A scheduler acknowledged that some requests may seem "trivial," but wrote that these things make Kerry "very happy."

Not content that Andrew Card, one of the longest serving chiefs of staff, had just had enough, liberals in Washington see more to Card's resignation.

The buzz in Washington among Democrats is that Card may have left because of his possible involvement in a cover-up in the Valerie Plame affair.

At the end of February, Special Prosecutor Patrick J. Fitzgerald - who is probing the leak of Plame's name as a CIA agent - said in a court hearing that the White House "recently located and turned over" 250 pages of e-mails from the office of Vice President Dick Cheney.

U.S. Attorney General Alberto Gonzales admitted that nearly two years ago, he sat on the knowledge that the Justice Department had launched a criminal investigation into the Plame affair.

Gonzales, who was then White House counsel, said that when he was first informed about the investigation into the leak by the Justice Department, he waited roughly 12 hours before informing the west wing.

But he did tell Andrew Card. And Bush haters see his inevitable tie-in to the scandal.

They also note Card was on Air Force One when a memorandum was circulated containing information about CIA officer Plame in a paragraph marked "S" for secret.

Bob Woodward wrote in The Washington Post in November that the individual who told him that Plame worked for the CIA was a "senior administration official."

There has been buzz in Washington that the official was National Security Adviser Stephen Hadley or former Deputy Secretary of State Richard Armitage.

Card was apparently a member of the White House Iraq Group, tasked with selling the Iraq invasion to Congress, the American people and allies overseas.

The group he led included I. Lewis "Scooter" Libby, Cheney's chief of staff, and Karl Rove, Bush's chief political adviser - both at the center of the Plame probe.

Now Bush detractors are seizing on the fact that Card's surprise resignation occurred right after the freshly "discovered" missing e-mails from Cheney's office apparently surfaced.

Reportedly, the lost evidence was finally retrieved with the help of Karl Rove - part of a deal he cut with the special prosecutor.

An international crime ring masquerading as a nonprofit organization shipped illegally obtained luxury cars to Russia, Armenia, Georgia and Jordan, authorities charge.

After a yearlong investigation, Los Angeles police arrested eight Armenian and Russian nationals on suspicion of fraud and issued 11 warrants for their suspected accomplices, according to the Center for Strategic and International Studies' Transnational Threats Update.

Two of those arrested operated Global Human Services (GHS), a charity that sent large shipments of humanitarian aid to the four nations.

Last year, the Department of Homeland Security seized two GHS shipping containers in Houston and found two SUVs hidden behind false walls.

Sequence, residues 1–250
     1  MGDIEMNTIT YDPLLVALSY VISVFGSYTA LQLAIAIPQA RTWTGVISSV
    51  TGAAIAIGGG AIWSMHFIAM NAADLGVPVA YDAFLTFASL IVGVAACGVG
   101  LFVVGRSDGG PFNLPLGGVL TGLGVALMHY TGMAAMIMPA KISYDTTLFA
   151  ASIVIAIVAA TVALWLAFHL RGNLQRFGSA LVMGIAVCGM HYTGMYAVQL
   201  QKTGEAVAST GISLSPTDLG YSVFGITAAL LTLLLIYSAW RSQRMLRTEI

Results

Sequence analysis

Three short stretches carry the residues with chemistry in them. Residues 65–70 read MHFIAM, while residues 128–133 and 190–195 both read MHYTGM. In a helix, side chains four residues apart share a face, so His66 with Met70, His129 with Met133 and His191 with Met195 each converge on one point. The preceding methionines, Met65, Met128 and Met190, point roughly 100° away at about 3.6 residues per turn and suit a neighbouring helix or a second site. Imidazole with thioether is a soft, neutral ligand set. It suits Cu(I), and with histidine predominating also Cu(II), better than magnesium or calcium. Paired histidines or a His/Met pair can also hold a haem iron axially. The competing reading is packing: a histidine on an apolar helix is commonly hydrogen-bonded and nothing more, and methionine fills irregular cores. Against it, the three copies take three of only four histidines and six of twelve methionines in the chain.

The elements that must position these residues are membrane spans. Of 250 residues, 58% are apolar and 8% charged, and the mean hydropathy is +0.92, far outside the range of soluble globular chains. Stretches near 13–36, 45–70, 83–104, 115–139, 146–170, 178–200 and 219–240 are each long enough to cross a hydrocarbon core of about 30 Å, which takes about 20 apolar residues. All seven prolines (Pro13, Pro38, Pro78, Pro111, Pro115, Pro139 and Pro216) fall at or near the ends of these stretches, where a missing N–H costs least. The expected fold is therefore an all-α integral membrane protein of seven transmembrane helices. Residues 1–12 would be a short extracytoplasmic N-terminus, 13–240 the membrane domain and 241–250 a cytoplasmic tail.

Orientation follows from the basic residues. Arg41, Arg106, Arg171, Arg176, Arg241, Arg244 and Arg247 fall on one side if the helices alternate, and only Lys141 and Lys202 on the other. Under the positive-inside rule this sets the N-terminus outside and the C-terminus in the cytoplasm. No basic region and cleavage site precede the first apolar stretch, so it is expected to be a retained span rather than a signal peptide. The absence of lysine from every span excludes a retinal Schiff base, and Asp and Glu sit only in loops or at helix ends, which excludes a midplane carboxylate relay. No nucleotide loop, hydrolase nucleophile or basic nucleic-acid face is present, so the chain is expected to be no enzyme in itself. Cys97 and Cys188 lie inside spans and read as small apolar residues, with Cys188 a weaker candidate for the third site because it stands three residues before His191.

GHS allegedly bought vehicles from car owners and leaseholders, who then reported them stolen and collected insurance money after GHS shipped the luxury cars overseas.

Over two years, GHS reportedly shipped 200 vehicles worth $5 million. Police believe two of the suspected accomplices have already left the U.S.

Florida Attorney General Charlie Crist is holding on to a substantial lead over his opponent in the race for the Republican nomination for governor in the Sunshine State.

In a new poll by Mason-Dixon Polling & Research, Crist got 43 percent of the votes among Republican respondents, while Florida Chief Financial Officer Tom Gallagher got 27 percent.

Another Mason-Dixon poll in June 2005 revealed similar results, indicating that Gallagher has failed to gain ground on Crist.

The new poll also disclosed that both Crist and Gallagher hold sizeable leads over their Democratic counterparts, Rep. Jim Davis and state Sen. Rod Smith.

Gallagher "has weathered two months of negative publicity because he traded stocks related to companies that he helped regulate," the Orlando Sentinel reports.

In June 2005, 8 percent of respondents who said they recognized Gallagher had an unfavorable view of him. In the new poll, that figure had risen to 11 percent.

In a statement, Crist said he was "humbled and honored" by the new poll results.

Crist recently gained support when he was endorsed by 28 Florida sheriffs, including one Democrat and one independent.

THAT

The ex-president met in March with 175 Clintonistas at a New York restaurant owned by a pal and has scheduled an April get-together in Los Angeles.

"I was sure it was going to turn out to be a fund-raiser, and I'd get hit up for money, but nobody did," one attendee in New York told U.S. News & World Report columnist Paul Bedard.

Nevertheless, Bedard notes, Clinton insiders still believe the effort was "designed to energize his former troops and raise money for a presidential bid" by Sen. Hillary Clinton.

THAT

Even though she insists she won't run in 2008, Rice got 29 percent in the survey by veteran pollster Frank Luntz, followed by Virginia Sen. George Allen at 26 percent and former New York City Mayor Rudy Giuliani at 16 percent. THAT

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Only two months remain before the scheduled launch of Al-Jazeera International, the English-language network of Qatar-based Al-Jazeera, but still no U.S. distributor has agreed to carry the network's programming. The network, staffed largely by veteran Western...
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Monday, 03 April 2006 12:00 AM